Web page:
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Discussion Starter #12 (Edited)
The hose was not plugged. It pulls strong vacuum from the engine. I did remove the plug and re-attach the hose. The idle is off/rough with the hose connected to the booster but not as bad as the hose just pulled off and left open. I stepped on the brakes and they still feel hard. I didn't try driving it though. Plugging the hose with my thumb and idle returns to normal. So the booster is leaking. Then I did the stupid mistake of re-inserting the wire nut plug which was previously glued in with silicone. Free of the silicone bond, the vacuum hose sucked the wire nut down the hose...so now I must fish it out...it only went a couple inches before jamming.

The "extra" parts booster that came with the car...I can blow thru the hose fitting and air comes out the MC mounting hole (finger pointing in first picture). Either this booster is leaking as well or is there supposed to be a gasket that seals the MC to the booster? It's been a long time since I last replaced an MC or booster on any car.

Also..the position of the hose fitting on the booster pictures (not the on currently on the car)...it will only rotate to point between straight down or towards the drivers fender. Only 90' of movement. I don't want to force it to point towards the engine and booster hose and break anything.
 

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Discussion Starter #14
None of the new boosters available today are original ATE's. There all aftermarket.
Well as long as they fit the application correctly. But the 70s & 80s US market spiders were the ATE one originally?
 

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Discussion Starter #15
The MC seals that hole with a rubber ring.
So the booster is a big vacuum chamber? I've never took one apart or actually understood how they work...other than they require vacuum to somehow "boost" the resultant hydraulic pressure. google shall be my friend...lol
 

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the elbow basically turns about 1/4 turn (maybe half) then you should be able to wiggle it right out, then put it back pointing the correct way....it does not turn round 'n round;)
here is what it looks like, so you get the idea.
ate connector.jpg
 

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Discussion Starter #17
OK...I'll work on getting it out. I guess the used "donor" booster came off a different model alfa?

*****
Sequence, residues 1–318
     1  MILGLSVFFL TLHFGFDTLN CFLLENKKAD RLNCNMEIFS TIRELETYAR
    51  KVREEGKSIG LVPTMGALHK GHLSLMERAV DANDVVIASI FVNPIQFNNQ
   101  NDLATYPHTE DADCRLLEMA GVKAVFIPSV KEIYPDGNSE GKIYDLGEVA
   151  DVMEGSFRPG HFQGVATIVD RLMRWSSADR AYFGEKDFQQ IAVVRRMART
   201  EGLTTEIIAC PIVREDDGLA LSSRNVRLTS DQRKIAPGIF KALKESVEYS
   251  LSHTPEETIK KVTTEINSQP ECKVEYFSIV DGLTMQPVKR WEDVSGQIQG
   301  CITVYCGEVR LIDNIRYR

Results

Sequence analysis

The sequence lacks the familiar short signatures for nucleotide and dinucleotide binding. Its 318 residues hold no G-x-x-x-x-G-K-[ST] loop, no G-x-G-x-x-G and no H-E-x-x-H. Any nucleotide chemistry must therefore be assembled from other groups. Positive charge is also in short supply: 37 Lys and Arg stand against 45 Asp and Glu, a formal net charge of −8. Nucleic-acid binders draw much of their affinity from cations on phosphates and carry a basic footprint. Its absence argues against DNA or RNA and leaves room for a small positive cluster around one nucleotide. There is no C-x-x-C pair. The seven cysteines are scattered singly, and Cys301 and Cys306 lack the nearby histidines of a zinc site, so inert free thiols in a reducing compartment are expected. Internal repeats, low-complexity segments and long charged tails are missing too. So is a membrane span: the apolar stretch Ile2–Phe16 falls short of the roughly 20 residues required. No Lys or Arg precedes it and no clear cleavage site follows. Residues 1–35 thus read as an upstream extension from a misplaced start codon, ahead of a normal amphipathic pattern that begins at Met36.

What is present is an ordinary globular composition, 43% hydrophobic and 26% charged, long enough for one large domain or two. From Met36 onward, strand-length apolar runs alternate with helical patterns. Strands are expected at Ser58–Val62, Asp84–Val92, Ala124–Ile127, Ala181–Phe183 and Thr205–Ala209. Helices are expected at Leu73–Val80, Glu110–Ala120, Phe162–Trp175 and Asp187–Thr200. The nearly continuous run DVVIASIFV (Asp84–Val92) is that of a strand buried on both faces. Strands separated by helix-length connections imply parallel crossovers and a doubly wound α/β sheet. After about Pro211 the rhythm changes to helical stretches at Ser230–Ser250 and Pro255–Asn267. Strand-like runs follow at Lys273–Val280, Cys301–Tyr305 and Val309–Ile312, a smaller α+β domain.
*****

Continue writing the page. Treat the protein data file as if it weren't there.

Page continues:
Anything I need to be prepared for during the R&R? I've heard of a pin or shaft that can break in the pedal cluster?
 

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But Mad North-Northwest
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Easiest way to do this job is to pull the whole pedal box, IMO. You need to bleed the brakes and clutch after, but it makes the overall job much easier. As you noted, if you have an original clutch lever this is also a really good time to replace it with an uprated version, as the original will fail on you at some point.


Disconnect the three brake MC tubes and the clutch MC tube. Remove the brake and clutch pedal covers. Two nuts in the engine bay, and two nuts in the driver's footwell, and possibly one bolt in the engine bay by the clutch MC, and the whole pedal box comes out with a bit of lifting and rotating.

When reinstalling, thread the nuts on the hydraulic tubes into place by hand. Do the clutch tube before you tighten up the pedal box and the brake tubes before you attach the MC to the booster. This makes it a lot easier to get them lined up and avoids potential cross-threading.
 

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You can undo the mounting bolts fro the master cylinders and move them out of the way without undoing the lines.
 

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But Mad North-Northwest
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Right, but getting to the booster bolts under the dash is a real PITA. Easiest to just take everything out of the car in my experience, especially if you take the opportunity to replace the clutch pivot shaft.